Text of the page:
Dr Sarah Morgan has a decade long interest in breast milk substitute advertising, as both a mother and researcher. Below, she recounts her journey, challenges faced, next steps, and why events like this are so important to bringing about change.
A decade long journey
For me, this event represents another milestone in the professional journey I’ve been on since the late 2000’s to improve the information medical professionals have on infant feeding. As a global health professional who’d worked extensively overseas to promote appropriate infant feeding in low resource settings, I was quite bemused by my personal experience in the UK of conflicting and, at times, non-evidence based advice I received on infant feeding after the birth of my own 2 children. As the BMJ landed on my doormat every week, complete with formula adverts, I became interested in where UK clinicians were finding information on infant feeding and began to look into some of the work on company influence in this area that had gone before.
So, I decided to add to the knowledge base. My Saturday mornings in the summer of 2013 were spent coffee in hand, small children off-loaded on some unsuspecting relative, queuing for the British library to open.
My mission? To trawl through 10 years’ worth of leading medical and paediatric journals looking at the extent of formula advertising.
I found the amount of advertising varied markedly but one publishing group was responsible for almost 75% of all formula advertising. But this in itself didn’t surprise me. What shocked me was the poor compliance with the international code of marketing for formulas.
In the high impact journals from 2012, none of the adverts contained all the information and warnings about formula stipulated in the code. For me, this raised many issues relating to corporate influence and ethical practice on both the company and journal’s side. The content of what I saw did not sit right with the oft repeated refrain that advertisements by formula companies are needed to provide valuable information to clinicians, when to me it seems pretty clear the adverts were not balanced or complete in the information they provided.
Pushbacks in publication
Fast forward a few years – my co-authors and I had presented our findings at UK conferences and they were positively received, winning an oral presentation prize at one meeting.
But publication was far more challenging.
Our paper was rejected by two of the journals that contained the most advertisements. Whilst we acknowledged the methodological limitations of our work, we were most surprised by the reasons given by a senior editors of a third journal – that it was “beyond journal scope”. This was despite the journal having sent the paper not just once but twice to peer review, with only minor comments coming back each time. Maybe this in itself tells a story regarding the many complex issues around formula marketing.
In 2016 the UK Royal College of Paediatrics and Child Health (MCPC) voted on whether to continue to accept funds from infant formula companies again, triggering important discussions as to the pros and cons of this stance. It also provided a window for us and others to add to the debate. Sadly, the vote went in favour of continuing to accept funds. To what extent this vote was influenced by the ‘normalisation’ of formula advertising in journals is of course unknown, but it is certainly one of many possible factors. At the time, the journals of the RCPCH were accepting formula adverts.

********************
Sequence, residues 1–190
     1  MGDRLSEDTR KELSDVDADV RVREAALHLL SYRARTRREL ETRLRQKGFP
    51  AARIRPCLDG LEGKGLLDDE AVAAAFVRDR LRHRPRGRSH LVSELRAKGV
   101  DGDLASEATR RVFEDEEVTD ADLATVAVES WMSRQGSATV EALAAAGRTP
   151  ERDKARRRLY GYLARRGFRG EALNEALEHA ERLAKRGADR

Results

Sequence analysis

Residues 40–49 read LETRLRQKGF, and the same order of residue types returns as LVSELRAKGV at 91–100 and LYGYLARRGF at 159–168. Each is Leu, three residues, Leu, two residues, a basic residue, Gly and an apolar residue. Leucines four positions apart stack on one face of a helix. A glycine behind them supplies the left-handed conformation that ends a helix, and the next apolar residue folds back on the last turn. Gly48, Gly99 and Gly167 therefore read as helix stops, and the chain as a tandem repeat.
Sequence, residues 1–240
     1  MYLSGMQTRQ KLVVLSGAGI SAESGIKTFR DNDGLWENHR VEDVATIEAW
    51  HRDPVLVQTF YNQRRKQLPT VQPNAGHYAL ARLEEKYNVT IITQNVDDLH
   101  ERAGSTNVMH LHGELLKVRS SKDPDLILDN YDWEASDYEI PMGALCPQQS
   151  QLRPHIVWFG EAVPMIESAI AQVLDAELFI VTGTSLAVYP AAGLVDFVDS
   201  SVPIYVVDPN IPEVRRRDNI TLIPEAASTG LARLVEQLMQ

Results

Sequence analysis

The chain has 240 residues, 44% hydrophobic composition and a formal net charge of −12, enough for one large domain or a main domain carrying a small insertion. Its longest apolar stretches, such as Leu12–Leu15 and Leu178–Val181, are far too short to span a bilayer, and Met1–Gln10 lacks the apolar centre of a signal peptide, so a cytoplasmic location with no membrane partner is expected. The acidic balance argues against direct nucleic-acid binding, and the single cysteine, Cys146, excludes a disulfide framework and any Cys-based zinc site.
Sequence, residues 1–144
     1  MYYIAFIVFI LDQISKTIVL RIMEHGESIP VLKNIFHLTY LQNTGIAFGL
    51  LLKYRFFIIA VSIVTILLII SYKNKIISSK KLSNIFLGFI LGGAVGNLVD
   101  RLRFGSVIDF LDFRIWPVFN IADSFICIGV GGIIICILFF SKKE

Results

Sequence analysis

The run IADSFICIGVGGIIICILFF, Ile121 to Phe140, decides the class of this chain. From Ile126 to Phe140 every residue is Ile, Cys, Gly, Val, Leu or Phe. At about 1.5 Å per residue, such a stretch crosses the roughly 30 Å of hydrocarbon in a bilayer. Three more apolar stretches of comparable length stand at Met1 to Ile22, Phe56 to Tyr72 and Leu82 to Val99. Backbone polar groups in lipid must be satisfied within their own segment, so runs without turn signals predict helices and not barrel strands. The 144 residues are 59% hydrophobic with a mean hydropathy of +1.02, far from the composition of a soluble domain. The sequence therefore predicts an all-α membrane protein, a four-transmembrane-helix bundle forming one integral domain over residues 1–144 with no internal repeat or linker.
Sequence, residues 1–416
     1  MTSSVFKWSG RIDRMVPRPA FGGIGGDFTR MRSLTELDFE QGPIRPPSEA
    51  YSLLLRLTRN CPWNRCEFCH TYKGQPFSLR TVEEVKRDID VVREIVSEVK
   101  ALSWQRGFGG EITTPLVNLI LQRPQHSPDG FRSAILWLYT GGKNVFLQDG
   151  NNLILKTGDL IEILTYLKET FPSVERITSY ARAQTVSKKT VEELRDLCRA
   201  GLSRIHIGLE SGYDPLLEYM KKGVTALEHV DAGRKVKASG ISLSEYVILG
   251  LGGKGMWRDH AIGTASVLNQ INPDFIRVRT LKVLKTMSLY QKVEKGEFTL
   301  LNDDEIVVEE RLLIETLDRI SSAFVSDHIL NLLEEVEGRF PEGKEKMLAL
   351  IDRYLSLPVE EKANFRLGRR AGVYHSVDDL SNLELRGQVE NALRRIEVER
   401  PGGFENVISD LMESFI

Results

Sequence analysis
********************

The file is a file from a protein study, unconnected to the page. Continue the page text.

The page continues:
A leap forward
So I was delighted last year when attention was brought by Chris van Tulleken to the surge in prescribing of specialist formula in the recent years. The subsequent re-examination of the potential influence of infant formula advertising to medical professionals, including the BMJ’s decisions to review its own policies on accepting advertising for these products has been powerful to the field. It was the BMJ group back in 2013 I found made up 75% of formula advertising in my sample.
Despite this progress, many other journals aimed at healthcare professionals continue to carry formula advertisements, oft using the long standing argument that these are needed to provide information to clinicians, especially on specialist feeding products.
We know that clinicians need information on formula milks, so they can offer advice to the parents of infants who cannot, for whatever reason, be breastfed. But this advice should be evidence based, impartial, and based on information from independent and unbiased sources.
So where are we at now? The debate on whether advertisements for these products have any role in supplying this needed information continues. And I look forward to the event on the 5th as an excellent opportunity to further that debate.
- Dr Sarah Morgan
You can find out more about this event here.
- Morgan S, Kerac TW and M. Infant formula advertising in medical journals: a cross-sectional study (and struggle to publish). Field Exch 58. 2018 Sep 1;29. https://www.ennonline.net/fex/58/infantformulaadvertising
- Godlee F. Cook S. Coombes R. El-Omar E. and Brown N. Calling time on formula milk adverts. BMJ 2019;364:l1200 (https://www.bmj.com/content/364/bmj.l1200.long)
- Van Tulleken C. Overdiagnosis and industry influence: how cow’s milk protein allergy is extending the reach of infant formula manufacturers. BMJ 2018;363:k5056 (https://www.bmj.com/content/363/bmj.k5056)
- Westland S. and Crawley H. ‘Scientific and factual?’ A further review of breastmilk substitute advertising to healthcare professionals. First Steps Nutrition Trust 2019.https://static1.squarespace.com/static/59f75004f09ca48694070f3b/t/5d00a07858660d0001500ca0/1560322176680/Scientific_and_Factual_booklet_June_2019_for_web.pdf
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